I recently realized that one could search articles published in the Journal of the American Philosophical Association by the category “Non-Western philosophies,” and that if one did so, the result is not an empty set ;-). See here.
Here are three items related to a censorship issue at Frontiers of Literary Studies in China:
- An article at Inside Higher Education
- A description of the situation by one of the original issue’s co-editors
- An announcement by Brill, terminating its co-publication agreement with Higher Education Press in China, which publishes the “Frontiers of…” journals (including Frontiers of Philosophy in China) in China.
The Journal of Confucian Philosophy and Culture (JCPC) is a peer-reviewed international journal published by the Institute of Confucian Philosophy and Culture, Sungkyunkwan University. It is the only English language journal dedicated exclusively to research concerning the history and contemporary relevance of Confucianism.
It was first published in 2001 for the purpose of interpreting and exploring Confucianism from a modern perspective. From 2007 it sought to integrate broader academic dialogue by publishing articles in Chinese and English. From August 2019, JCPC will strengthen its international network and broaden its global presence by concentrating on articles written in English.
JCPC (ISSN 1598-267X) is published biannually (in February and August) and welcomes the
contribution of both articles and book reviews. Please visit our web page at: http://jcpc.skku.edu/.
Dao: A Journal of Comparative Philosophy 17:3 (2018)
Table of contents:
Professor Yong Huang, Editor of Dao: A Journal of Comparative Philosophy, announces:
Results of the 2017 Dao Annual Best Essay Award
Dao has established “The Annual Best Essay Award” since 2007. In addition to a certificate of achievement, the award comes along with a prize of US$1,000. The award winners are noted in the website of the journal as well as the website of Springer, the publisher of the journal. The award ceremony is held each year at the American Philosophical Association Annual Meeting (Eastern Division) in January, where a special panel on the theme of the award winning essay is held. The critical comments and the author’s responses to them presented at the panel, after revision, will be published in the last issue of Dao each year.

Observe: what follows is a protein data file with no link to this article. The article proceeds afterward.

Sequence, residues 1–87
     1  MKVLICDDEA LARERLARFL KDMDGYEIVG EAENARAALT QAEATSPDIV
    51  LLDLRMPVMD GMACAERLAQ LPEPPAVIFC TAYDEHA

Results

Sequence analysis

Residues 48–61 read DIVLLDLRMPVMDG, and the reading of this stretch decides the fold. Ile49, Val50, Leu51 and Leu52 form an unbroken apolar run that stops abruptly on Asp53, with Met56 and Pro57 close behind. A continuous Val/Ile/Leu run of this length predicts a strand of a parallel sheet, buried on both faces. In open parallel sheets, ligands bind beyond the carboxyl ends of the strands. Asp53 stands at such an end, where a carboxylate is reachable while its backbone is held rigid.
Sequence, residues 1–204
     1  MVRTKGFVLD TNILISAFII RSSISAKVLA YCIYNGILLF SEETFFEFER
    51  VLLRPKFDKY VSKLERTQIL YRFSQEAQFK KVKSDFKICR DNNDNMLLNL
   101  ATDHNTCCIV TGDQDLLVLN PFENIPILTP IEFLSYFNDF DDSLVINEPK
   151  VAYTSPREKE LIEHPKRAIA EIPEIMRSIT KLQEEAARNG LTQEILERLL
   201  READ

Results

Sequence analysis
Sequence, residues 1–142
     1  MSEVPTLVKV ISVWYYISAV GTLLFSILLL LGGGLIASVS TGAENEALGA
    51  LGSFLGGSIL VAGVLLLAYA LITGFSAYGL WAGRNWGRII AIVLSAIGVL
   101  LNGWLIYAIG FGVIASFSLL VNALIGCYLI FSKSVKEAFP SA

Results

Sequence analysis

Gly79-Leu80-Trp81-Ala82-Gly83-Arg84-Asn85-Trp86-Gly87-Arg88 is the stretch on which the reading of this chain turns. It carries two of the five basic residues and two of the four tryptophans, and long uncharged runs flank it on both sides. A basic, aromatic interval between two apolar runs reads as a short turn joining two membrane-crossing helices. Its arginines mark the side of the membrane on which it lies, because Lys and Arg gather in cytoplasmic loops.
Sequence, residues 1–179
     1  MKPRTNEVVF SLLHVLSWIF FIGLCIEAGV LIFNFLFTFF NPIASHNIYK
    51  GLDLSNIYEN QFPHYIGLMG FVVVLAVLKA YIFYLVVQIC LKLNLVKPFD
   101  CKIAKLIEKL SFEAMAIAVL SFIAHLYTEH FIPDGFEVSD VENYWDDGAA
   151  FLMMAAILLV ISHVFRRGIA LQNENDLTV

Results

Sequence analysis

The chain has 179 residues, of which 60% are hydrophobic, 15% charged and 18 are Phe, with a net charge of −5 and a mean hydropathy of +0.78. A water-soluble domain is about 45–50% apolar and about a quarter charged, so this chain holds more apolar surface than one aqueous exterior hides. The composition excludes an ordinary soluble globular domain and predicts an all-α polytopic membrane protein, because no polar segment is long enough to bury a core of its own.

This morning at the APA Pacific there was a wide-ranging discussion on the topic of diversity in philosophy journals. The session was chaired by Eric Schwitzgebel, who introduced it as possibly the largest panel ever at the Pacific APA, featuring 7 presenters including Manyul Im, and 15 journal editor-panelists including Franklin Perkins. The audience was also substantial. Continue reading →
Michael Beaney, editor of the British Journal for the History of Philosophy, recently wrote me to call my attention to his most recent editorial at the journal. Its penultimate paragraph reads, in part: